Let other people know exactly what you want without making unclear requests: wouldn’t life be easier if people could know what we are thinking and we didn’t have to tell them. I for one will find it a relief. Sometimes we think if we drop hints the other person will get the message but this would most likely lead to uncertainty and expectations not being met. By communicating exactly what we want/need we leave no room for guessing games and this gives the other person a chance to respond suitably. For example, your friend wants you to pick up a book from the library on your way back from work because it is close to your place of work but you have a prior engagement you need to attend to and you know getting the book will delay your meeting. Instead of saying “Ok I will try to get the book” simply say something like “I would have loved to help but unfortunately that will mean I might run late for my meeting. Please could you make alternative arrangements to get the book”. That way your friend is not expecting you to get the book and depending on how urgent she needs it, will make other arrangements to get it. Remember you rejected the request and not the person.
Another example that comes to mind is when people get invited to an outing; they say they will try to make the outing knowing they have no plans to attend. People say that is being diplomatic but that is simply just a lie. I believe it is better to politely decline with your reasons so that way you are setting the person’s expectation at that point.
Don’t keep quiet when you have strong feelings about an issue: There are some issues not worth arguing over and sometimes the more mature thing to do is keeping quiet. Silence they say is golden. However when it comes to your health, your safety, your core values, or you know the price of keeping silence will result into anger or resentment it is better to speak up than suffer in silence. For example, your partner typical stays out late and this is a behaviour you cannot stand. This is not the time to keep quiet and hope he/she gets the message someday. This is the time to speak up, communicate how you feel about his/her staying out late and probably both of you can come to an understanding.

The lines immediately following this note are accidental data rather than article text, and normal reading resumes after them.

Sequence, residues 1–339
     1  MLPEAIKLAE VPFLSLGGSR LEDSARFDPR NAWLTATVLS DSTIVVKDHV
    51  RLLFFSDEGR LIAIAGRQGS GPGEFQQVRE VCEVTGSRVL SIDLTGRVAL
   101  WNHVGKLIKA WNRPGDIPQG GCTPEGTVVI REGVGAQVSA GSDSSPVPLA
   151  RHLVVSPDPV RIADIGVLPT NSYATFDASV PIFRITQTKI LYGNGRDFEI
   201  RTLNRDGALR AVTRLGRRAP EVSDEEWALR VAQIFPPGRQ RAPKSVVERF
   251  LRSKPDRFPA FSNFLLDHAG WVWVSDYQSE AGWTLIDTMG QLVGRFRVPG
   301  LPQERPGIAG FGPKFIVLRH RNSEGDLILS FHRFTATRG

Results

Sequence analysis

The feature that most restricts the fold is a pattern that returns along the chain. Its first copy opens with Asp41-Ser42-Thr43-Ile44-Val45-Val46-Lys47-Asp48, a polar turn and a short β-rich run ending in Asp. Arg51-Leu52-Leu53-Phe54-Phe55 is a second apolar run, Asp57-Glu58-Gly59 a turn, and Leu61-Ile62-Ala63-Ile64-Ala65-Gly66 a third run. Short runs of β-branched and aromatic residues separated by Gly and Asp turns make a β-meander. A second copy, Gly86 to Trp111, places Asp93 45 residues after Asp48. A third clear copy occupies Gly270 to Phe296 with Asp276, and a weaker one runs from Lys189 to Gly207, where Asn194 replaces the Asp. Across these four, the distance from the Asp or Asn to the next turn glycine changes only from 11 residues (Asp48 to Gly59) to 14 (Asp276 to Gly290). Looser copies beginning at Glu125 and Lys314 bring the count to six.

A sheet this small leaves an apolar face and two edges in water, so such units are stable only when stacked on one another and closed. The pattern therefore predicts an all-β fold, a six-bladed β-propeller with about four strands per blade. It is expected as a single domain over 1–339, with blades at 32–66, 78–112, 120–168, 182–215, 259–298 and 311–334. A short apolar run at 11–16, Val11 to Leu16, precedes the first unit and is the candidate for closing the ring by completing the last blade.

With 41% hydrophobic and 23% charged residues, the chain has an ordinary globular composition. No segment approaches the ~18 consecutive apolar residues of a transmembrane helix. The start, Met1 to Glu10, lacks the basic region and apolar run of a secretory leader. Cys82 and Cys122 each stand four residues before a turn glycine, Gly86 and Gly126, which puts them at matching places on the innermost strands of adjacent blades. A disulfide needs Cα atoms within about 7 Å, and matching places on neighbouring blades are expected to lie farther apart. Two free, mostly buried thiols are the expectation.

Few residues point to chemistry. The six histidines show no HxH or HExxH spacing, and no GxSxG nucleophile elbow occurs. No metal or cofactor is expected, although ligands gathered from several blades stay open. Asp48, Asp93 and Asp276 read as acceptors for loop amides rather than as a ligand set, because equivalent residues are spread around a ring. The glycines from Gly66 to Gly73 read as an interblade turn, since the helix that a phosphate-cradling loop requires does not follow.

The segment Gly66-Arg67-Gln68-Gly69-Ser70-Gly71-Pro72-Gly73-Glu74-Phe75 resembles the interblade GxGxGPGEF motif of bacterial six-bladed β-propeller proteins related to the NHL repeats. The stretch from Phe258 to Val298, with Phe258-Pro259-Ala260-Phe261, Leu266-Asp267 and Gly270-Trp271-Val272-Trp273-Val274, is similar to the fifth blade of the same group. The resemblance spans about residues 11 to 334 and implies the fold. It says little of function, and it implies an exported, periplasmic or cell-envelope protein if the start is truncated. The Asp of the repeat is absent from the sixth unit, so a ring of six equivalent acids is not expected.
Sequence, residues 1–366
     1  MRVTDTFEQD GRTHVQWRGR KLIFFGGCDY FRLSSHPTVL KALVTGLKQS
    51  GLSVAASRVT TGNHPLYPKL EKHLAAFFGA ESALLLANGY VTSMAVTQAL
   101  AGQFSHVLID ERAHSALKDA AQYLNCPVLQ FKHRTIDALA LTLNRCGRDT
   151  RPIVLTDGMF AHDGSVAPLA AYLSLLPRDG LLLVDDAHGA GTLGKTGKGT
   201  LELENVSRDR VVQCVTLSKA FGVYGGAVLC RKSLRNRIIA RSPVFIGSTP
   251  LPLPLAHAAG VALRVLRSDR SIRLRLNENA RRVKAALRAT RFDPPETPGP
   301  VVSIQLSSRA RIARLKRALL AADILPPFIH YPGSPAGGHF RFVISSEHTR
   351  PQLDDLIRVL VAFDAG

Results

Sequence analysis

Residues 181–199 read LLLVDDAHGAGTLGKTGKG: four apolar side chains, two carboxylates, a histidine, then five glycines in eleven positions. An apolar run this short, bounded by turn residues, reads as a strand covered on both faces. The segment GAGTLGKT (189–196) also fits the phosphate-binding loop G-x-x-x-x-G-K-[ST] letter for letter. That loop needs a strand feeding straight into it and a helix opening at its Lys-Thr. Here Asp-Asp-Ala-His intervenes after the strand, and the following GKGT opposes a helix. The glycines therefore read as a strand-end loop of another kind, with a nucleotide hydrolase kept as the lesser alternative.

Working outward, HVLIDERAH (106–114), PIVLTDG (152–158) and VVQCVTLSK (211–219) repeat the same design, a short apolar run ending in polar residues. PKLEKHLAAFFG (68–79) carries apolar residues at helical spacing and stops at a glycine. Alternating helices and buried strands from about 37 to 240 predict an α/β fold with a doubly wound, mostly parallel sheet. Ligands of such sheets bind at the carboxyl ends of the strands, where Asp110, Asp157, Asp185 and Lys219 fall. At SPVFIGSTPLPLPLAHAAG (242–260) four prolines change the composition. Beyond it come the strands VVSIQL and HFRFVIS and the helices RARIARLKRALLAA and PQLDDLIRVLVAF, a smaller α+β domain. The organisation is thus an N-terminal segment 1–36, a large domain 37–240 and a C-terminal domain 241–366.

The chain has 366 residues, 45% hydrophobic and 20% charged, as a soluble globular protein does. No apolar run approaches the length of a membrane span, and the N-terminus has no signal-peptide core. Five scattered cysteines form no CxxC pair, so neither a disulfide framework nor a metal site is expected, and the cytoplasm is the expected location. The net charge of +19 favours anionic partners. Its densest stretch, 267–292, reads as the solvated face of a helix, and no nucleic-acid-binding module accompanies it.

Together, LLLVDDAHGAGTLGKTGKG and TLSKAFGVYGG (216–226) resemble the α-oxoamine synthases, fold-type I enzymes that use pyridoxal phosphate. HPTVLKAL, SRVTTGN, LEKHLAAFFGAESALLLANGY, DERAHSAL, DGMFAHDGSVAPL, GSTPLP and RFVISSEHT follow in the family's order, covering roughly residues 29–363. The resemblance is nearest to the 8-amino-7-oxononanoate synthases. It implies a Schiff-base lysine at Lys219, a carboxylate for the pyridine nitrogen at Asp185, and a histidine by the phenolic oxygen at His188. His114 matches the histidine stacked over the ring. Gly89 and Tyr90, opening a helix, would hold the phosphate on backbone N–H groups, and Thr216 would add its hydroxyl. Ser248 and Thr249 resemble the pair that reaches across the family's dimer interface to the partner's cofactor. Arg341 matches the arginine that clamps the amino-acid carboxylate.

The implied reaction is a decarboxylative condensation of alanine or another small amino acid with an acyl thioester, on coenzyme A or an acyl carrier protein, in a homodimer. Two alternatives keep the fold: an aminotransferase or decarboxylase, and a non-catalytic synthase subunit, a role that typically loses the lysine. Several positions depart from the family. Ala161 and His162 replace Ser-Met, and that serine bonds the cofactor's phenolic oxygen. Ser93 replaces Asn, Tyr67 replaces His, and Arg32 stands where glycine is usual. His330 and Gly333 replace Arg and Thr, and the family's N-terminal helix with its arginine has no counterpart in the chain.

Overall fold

Take time out if you need to contain your anger: Have you noticed sometimes you find yourself getting angry during a conversation? At this point it is better to take a break from the discussion than continue. We can hardly communicate effectively when our judgement is clouded with emotions. When we feel much better we can come back and present our position more effectively. This is different from cutting off another person emotionally, which is a destructive tactic that some of us tend to do.
Think through your arguments before presenting them: Because we sometime think our opinion makes more sense than the other person we might tend to get lost in the trivial details that we forget the main points of our arguments. If we want to effectively get our point across we should think through the issues and get down to the core points. The other person might be much more willing to listen if your ideas are presented in an organised and consistent way.
So that's it for tips. I hope they made sense. Please feel free to share other assertiveness tips. Meanwhile I might be going on an assertiveness course at work, if it gets approved. Will let you know what I learn on the course. :)